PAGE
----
Haze creeps into unhealthy range as Sumatra hot spots spike

Today Online 3 Nov 14;

SINGAPORE — Haze readings, which edged into the unhealthy range yesterday afternoon and continued climbing into the night, are expected to be in the high end of the moderate range or low end of the unhealthy range today.

At 3pm yesterday, the three-hour Pollutant Standards Index breached the unhealthy mark and readings edged up steadily to hit 127 by 9pm, before receding slightly to 126 at 10pm. Any reading over 100 up to 200 is considered unhealthy.

The PM2.5 — tiny particles smaller than 2.5 microns in diameter — levels were also elevated in most regions, with one-hour concentrations ranging from 59 to 82 micrograms per cubic metre at 5pm, said the National Environment Agency (NEA). A 24-hour PM2.5 reading of between 56 and 150 is considered unhealthy.

In an update posted on its website at 5pm yesterday, the NEA said the haziness was smoke blown in by prevailing southerly winds from Sumatra, whose southern part has experienced drier weather, leading to a “sharp increase” in the number of hot spots there. A total of 205 hot spots were detected in Sumatra yesterday, it added.

Last Tuesday, the NEA had said the threat of serious haze appeared to have been averted for the rest of the year, with the onset of the Inter-Monsoon season over the past week signalling the end of the traditional dry period in the region. The Inter-Monsoon period normally lasts from October to November, and is characterised by more rainfall and light winds that are variable in direction.

More than 1,800 hotspots in Indonesia as haze intensifies

Haze from forest and plantation fire in Central Kalimantan and South Sumatra have intensified, as more than 1,500 hotspots were detected in the two Indonesian provinces.

The Terra Satellite recorded 1,225 hotspots in Central Kalimantan, 344 in South Sumatra, 203 in West Kalimantan, 32 in East Kalimantan and 20 in Lampung on Sunday morning, said Mr Sutopo Purwo Nugroho, spokesman of Indonesia disaster mitigation agency (BNPB) in a text message to reporters.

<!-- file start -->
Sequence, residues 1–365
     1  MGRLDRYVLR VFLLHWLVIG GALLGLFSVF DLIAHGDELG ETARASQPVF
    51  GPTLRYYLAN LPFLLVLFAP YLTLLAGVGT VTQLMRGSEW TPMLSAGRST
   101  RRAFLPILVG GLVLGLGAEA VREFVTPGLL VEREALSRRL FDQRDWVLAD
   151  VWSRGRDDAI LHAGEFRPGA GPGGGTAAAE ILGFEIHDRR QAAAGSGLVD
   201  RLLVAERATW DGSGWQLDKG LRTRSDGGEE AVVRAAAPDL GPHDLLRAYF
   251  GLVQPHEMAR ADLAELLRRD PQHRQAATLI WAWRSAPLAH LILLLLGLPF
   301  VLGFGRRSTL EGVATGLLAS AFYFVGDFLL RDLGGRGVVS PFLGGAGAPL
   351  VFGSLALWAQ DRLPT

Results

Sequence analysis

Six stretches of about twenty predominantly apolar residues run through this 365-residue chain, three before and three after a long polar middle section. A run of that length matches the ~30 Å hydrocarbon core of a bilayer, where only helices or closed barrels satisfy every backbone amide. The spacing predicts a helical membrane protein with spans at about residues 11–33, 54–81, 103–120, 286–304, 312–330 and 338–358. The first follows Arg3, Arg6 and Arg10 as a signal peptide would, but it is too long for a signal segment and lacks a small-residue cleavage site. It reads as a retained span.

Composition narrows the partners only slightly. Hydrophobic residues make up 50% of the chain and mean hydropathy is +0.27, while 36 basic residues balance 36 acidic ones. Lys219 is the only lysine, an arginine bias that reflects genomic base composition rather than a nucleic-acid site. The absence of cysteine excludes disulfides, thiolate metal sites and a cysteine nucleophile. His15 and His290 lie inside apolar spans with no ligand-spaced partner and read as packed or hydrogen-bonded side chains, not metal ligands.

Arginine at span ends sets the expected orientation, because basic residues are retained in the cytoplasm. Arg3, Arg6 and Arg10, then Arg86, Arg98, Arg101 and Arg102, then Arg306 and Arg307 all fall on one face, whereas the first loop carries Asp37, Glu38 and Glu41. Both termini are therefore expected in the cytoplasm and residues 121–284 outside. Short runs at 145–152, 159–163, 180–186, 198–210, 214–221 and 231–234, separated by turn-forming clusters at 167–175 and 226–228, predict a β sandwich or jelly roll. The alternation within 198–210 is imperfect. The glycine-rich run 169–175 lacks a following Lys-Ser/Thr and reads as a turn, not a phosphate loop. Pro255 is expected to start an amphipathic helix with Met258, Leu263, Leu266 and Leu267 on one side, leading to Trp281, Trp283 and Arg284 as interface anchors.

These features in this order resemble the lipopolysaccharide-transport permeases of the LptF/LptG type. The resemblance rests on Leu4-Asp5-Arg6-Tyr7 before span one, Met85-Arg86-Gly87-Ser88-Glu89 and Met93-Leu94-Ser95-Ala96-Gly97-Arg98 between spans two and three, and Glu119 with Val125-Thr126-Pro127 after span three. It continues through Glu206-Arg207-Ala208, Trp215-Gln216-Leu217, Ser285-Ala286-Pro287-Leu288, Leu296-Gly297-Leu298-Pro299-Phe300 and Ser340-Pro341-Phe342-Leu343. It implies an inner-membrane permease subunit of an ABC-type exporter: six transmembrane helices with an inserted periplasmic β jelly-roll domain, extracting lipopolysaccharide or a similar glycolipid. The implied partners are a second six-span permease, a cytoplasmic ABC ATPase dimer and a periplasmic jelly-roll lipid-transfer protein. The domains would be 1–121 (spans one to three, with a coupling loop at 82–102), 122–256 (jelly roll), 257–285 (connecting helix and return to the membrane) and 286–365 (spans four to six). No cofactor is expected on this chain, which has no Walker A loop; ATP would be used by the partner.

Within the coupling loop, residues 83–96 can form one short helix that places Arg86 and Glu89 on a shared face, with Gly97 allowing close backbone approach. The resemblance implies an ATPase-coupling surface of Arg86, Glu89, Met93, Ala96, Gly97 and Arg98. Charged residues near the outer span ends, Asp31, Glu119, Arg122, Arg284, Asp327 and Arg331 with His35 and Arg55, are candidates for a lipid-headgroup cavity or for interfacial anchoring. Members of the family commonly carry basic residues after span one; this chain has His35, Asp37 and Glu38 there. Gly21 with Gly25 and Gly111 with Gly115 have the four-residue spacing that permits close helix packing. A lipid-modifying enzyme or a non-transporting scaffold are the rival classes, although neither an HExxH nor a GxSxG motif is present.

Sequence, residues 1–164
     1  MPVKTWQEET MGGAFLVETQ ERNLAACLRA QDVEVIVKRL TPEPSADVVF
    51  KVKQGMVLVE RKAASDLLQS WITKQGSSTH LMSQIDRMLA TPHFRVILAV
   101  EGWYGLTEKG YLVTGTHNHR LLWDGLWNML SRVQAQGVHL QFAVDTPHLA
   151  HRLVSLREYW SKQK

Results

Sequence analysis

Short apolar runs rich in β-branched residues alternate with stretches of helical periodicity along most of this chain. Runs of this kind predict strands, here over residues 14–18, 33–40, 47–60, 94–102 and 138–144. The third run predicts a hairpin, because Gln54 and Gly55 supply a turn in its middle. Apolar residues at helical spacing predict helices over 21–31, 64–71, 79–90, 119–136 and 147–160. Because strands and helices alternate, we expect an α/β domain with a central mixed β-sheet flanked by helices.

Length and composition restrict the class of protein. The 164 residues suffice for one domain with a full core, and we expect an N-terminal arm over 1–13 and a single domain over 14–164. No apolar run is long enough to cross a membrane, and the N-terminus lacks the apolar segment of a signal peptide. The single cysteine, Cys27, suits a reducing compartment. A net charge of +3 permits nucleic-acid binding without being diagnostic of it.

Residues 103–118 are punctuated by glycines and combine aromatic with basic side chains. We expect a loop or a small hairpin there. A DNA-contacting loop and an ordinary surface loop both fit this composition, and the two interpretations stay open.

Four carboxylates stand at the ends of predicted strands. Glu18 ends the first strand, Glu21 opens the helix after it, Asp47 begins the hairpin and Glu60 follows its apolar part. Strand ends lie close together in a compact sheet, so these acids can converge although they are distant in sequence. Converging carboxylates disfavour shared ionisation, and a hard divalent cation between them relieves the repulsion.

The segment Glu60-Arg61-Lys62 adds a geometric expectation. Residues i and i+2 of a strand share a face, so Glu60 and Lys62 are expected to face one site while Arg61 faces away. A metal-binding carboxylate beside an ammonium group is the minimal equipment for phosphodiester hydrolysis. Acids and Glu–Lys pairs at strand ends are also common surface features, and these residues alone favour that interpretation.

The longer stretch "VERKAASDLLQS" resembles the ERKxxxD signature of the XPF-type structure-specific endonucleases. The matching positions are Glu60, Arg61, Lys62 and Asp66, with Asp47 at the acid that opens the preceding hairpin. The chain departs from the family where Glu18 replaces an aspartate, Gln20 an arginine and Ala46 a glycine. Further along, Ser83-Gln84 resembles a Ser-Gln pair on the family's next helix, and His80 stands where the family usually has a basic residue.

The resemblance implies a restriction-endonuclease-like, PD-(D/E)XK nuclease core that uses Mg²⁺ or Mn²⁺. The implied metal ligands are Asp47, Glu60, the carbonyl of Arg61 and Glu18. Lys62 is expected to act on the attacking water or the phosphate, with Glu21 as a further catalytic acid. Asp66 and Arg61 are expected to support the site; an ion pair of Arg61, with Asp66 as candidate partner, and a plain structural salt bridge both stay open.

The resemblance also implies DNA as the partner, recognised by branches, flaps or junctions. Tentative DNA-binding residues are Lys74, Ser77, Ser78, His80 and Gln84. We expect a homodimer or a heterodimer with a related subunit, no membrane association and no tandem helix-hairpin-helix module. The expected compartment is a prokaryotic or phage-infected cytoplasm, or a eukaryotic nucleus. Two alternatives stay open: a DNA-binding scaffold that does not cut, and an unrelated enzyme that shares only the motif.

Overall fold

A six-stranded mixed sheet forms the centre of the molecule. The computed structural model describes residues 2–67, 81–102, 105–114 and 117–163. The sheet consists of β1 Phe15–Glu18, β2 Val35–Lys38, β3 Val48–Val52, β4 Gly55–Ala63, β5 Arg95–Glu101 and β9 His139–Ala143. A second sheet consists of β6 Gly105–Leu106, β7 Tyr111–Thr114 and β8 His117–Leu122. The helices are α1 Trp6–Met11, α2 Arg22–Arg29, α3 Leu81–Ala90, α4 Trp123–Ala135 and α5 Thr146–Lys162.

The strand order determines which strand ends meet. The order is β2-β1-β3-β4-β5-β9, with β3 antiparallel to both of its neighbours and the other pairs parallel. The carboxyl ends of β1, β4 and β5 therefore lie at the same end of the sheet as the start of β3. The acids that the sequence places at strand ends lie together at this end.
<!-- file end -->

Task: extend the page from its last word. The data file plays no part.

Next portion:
In Palembang, South Sumatra visibility fell to 400m at 6am on Sunday.

Haze from South Sumatra was blown to Jambi and Riau, Indonesia's second closest province to Singapore, Mr Sutopo said.

Clearing land by slashing and burning was behind the fires that burned uncontrolled.

Efforts by BNPB to contain the fires have continued, with helicopters, aircraft being deployed in firefighting and cloud seeding operations.

There have been 10,032 water bombing trips involving 24.4 million litres of water to contain fire these past months. Cloud seeding operations have involved 67 tonnes of chemicals to induce rain.

3hr PSI reading crosses into unhealthy range at 3pm
Channel NewsAsia 2 Nov 14;

SINGAPORE: The Republic's air quality reached unhealthy levels on Sunday (Nov 2), after days of relatively clear skies. The three-hour Pollutant Standards Index (PSI) hit a high of 127 at 9pm before inching down to 126 at 10pm.

The three-hour PSI reading moved up sharply after 11am, edging past 100 to 104 at 3pm, after it remained below 70 for the previous few hours.

Last month, the Meteorological Service Singapore (MSS) had said that there will likely be more rain over Singapore and the surrounding region in the coming weeks, when the traditional dry season comes to an end for the year, but added that Singapore may experience occasional slight haze, on some days due to the accumulation of particulate matter in the air under light wind conditions.

"The Inter-Monsoon period normally lasts from October to November, and is characterised by more rainfall and light winds that are variable in direction. The increased rainfall will help alleviate the hotspot and haze situation in Sumatra and Kalimantan," said the MSS.

- CNA/av